Amazon warehouse
Photo 194996167 © Marcos del Mazo | Dreamstime.com

And nor, the headline should add, is it the Amazon its peers and logistics suppliers normally see.

This exhaustive long read from The New York Times charts the many problems Amazon encountered during the pandemic to keep its operations moving, focusing largely on its enormous New York facility JFK8. While the logistics and e-commerce platforms Amazon has built over the last 20 years are rightly admired, its HR systems have simply not kept pace with the aggressive expansion of its network, leading it to actually lose market share to rivals such as Walmart during the height of the pandemic, as it struggled to overcome severe warehouse worker shortages.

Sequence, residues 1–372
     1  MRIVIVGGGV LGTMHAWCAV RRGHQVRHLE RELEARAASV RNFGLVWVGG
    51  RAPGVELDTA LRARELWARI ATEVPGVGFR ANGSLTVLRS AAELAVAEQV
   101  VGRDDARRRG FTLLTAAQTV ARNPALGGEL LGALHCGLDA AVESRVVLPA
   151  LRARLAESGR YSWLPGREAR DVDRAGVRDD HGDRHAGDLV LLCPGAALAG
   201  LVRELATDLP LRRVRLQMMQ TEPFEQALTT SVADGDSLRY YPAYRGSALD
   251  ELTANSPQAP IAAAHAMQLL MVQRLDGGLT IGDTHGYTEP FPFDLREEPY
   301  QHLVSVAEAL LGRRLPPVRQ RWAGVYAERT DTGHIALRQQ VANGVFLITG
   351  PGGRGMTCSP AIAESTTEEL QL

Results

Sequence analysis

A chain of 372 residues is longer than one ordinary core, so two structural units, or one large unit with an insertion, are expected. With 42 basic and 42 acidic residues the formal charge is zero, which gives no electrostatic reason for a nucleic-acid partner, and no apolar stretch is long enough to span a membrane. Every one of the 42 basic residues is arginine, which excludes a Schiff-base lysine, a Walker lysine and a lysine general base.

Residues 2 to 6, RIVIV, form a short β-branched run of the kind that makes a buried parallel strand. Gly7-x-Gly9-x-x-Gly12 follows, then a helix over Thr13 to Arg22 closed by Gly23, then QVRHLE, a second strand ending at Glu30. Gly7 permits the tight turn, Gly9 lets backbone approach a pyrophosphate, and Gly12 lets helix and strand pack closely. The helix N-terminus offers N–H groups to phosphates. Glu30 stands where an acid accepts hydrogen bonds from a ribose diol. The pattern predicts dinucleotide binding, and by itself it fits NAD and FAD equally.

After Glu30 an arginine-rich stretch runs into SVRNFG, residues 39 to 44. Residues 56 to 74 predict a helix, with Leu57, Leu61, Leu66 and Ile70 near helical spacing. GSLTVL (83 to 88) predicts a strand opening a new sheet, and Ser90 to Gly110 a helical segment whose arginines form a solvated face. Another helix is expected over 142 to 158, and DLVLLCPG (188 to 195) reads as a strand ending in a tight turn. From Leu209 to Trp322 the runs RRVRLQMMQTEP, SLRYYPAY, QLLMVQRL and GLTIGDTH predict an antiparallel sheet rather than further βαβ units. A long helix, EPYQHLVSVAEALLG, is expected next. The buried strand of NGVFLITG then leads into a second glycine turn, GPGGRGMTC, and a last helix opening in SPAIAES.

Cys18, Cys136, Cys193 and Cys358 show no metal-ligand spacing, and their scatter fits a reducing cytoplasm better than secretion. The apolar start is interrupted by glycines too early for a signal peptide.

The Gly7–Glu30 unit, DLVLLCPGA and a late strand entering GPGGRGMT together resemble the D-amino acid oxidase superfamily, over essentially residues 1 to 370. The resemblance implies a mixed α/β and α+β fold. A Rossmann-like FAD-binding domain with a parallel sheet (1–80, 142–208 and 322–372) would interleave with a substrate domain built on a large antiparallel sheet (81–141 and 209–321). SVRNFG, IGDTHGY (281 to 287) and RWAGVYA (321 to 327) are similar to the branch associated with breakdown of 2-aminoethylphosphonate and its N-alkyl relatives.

“In contrast to its precise, sophisticated processing of packages, Amazon’s model for managing people — heavily reliant on metrics, apps and chatbots — was uneven and strained even before the coronavirus arrived, with employees often having to act as their own caseworkers, interviews and records show. Amid the pandemic, Amazon’s system burned through workers, resulted in inadvertent firings and stalled benefits and impeded communication, casting a shadow over a business success story for the ages.”

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